In this picture taken on August 3, 2022, visitors look at lions at the Lahore Safari Zoo in Lahore. A Pakistan zoo is auctioning a dozen lions next week to free up space for pride that wont stop growing. — AFP


In this picture taken on August 3, 2022, visitors look at lions at the Lahore Safari Zoo in Lahore. A Pakistan zoo is auctioning a dozen lions next week to free up space for pride that won’t stop growing. — AFP

LAHORE: To free up space for pride that won’t stop growing, a zoo in Pakistan is auctioning off a dozen lions to private collectors next week.

Lahore Safari Zoo now has so many big cats that their lions and tigers have to take in turns accessing the paddocks, said Tanvir Ahmed Janjua, the zoo’s deputy director.

“Not only will we free up more space here, but our expenses for meat to feed them will also decrease,” he told AFP.

The zoo is currently home to 29 lions, and officials plan an auction on August 11 to sell 12 of them, aged between two and five years old.

There are also six resident tigers and two jaguars.

Conservationists are opposed to the sale, with the environmental group WWF saying the creatures should be moved to other established zoos, or breeding females sterilised or given contraceptives.

In this picture taken on August 3, 2022, visitors look at lions at the Lahore Safari Zoo in Lahore. — AFP
In this picture taken on August 3, 2022, visitors look at lions at the Lahore Safari Zoo in Lahore. — AFP

“Animal exchanges and donations between zoos are a widely accepted practice,” the organisation’s Uzma Khan told AFP.

“Once an institution such as a zoo places a price tag on a wildlife species it is promoting trade — which is counterproductive to conservation,” she added.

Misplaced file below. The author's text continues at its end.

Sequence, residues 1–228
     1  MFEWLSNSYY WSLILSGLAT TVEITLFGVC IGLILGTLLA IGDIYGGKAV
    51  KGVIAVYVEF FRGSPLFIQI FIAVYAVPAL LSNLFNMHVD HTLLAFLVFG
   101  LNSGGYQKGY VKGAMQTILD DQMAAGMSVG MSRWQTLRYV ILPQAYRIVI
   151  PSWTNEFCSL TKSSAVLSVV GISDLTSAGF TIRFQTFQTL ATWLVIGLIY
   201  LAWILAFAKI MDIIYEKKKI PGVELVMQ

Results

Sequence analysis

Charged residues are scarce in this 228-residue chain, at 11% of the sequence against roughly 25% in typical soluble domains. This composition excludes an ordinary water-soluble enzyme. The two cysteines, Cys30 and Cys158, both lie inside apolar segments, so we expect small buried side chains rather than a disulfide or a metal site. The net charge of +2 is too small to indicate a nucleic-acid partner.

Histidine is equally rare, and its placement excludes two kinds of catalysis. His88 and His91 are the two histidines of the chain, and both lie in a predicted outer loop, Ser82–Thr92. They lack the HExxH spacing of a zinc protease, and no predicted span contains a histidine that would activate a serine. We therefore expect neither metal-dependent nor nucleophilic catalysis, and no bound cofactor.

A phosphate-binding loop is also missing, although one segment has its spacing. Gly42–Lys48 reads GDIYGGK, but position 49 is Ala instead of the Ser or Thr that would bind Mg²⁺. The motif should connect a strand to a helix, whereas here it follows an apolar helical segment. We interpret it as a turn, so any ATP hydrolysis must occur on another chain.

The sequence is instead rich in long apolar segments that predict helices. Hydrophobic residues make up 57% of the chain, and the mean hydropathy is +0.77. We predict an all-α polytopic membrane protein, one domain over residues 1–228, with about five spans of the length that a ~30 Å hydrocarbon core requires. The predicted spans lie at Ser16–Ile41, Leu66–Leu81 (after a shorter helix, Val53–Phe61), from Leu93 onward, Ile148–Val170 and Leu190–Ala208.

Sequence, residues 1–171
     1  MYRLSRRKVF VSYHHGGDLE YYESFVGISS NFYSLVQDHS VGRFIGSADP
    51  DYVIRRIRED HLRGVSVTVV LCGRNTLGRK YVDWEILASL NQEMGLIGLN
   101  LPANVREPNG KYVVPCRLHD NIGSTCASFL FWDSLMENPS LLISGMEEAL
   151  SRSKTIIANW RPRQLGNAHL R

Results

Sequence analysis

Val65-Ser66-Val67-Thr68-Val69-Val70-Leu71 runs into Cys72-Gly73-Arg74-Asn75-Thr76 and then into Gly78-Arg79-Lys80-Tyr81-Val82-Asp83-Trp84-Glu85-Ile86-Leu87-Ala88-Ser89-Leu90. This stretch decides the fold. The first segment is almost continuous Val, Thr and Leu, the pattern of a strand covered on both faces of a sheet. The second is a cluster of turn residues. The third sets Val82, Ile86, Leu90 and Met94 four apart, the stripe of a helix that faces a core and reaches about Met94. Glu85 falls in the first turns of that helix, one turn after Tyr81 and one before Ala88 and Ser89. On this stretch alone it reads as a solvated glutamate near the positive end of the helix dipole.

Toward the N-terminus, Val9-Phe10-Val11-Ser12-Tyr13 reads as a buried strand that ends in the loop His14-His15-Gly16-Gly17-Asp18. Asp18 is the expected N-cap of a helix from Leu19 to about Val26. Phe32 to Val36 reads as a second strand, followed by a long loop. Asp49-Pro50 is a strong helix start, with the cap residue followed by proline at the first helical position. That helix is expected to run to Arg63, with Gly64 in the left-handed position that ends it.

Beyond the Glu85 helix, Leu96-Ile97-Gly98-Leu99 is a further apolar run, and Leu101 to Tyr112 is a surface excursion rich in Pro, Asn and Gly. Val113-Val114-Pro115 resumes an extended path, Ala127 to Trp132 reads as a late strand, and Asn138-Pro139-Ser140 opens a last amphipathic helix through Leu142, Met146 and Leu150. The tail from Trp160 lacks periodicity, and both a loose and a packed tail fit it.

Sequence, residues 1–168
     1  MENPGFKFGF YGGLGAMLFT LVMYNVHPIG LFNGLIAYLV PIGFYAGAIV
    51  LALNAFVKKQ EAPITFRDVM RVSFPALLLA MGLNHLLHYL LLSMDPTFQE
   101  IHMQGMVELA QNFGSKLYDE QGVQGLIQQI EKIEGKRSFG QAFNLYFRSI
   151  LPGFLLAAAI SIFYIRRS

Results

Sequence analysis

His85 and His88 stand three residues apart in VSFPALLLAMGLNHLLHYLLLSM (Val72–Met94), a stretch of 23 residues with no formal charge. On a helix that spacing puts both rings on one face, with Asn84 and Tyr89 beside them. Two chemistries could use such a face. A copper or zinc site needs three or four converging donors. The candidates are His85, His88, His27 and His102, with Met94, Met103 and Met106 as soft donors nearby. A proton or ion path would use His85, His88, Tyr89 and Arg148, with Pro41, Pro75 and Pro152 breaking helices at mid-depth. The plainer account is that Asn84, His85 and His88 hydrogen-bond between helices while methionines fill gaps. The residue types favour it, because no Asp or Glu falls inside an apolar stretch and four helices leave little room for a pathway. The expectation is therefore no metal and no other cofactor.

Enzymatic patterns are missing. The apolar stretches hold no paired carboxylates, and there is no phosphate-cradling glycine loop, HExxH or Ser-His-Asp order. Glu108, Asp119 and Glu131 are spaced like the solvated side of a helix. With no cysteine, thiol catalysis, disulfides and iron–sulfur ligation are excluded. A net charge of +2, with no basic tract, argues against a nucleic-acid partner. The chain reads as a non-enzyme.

Keeping lions, tigers and other exotic wildlife as pets is not uncommon in Pakistan and is seen as a status symbol.

Wealthy owners post images and video clips of their big cats on social media and rent them out as props for movies and photoshoots.

In this picture taken on August 3, 2022, lions are seen at their enclosure at the Lahore Safari Zoo in Lahore. — AFP
In this picture taken on August 3, 2022, lions are seen at their enclosure at the Lahore Safari Zoo in Lahore. — AFP

Zoo officials have set a reserve of 150,000 Pakistan rupees ($700) per cat, but hope each will fetch around two million rupees.

Not just anyone can take part in the auction, however.

Janjua said buyers will have to be registered with provincial authorities and show they have the means to provide proper care and shelter for the creatures.

Zoo veterinary officer Muhammad Rizwan Khan told AFP an initial attempt last year to auction lions fell through as potential buyers lacked the necessary documentation or licences.

Nouman Hassan, who fell foul of authorities in the past when he was filmed walking his pet tiger on a leash in Lahore, plans to take part.

In this picture taken on August 5, 2022, a lion rests in a jungle at the Lahore Safari Zoo in Lahore. — AFP
In this picture taken on August 5, 2022, a lion rests in a jungle at the Lahore Safari Zoo in Lahore. — AFP

“I will try to buy two to three lions for sure,” he told AFP, adding the auction was a good way to diversify the gene pool for private collectors who already owned a big cat.

With little legislation to safeguard animal welfare, zoos across Pakistan are notorious for their poor facilities, but the Lahore Safari Zoo is considered one of the best, set over 200 acres.

In April 2020 a court ordered the only zoo in the country’s capital to shut down after poor facilities and mistreatment of the animals there were revealed.

The facility had drawn international condemnation for its treatment of an Asian elephant named Kaavan, who was later airlifted to retirement in Cambodia in a jumbo project spearheaded by US popstar and actress Cher.

In this picture taken on August 3, 2022, lions are seen at their enclosure at the Lahore Safari Zoo in Lahore. — AFP
In this picture taken on August 3, 2022, lions are seen at their enclosure at the Lahore Safari Zoo in Lahore. — AFP

Veterinarian Khan said the animals at Lahore Safari Zoo were being given the best possible care — something reflected in their fecundity.

“They are experiencing a good life in captivity with us,” he said.

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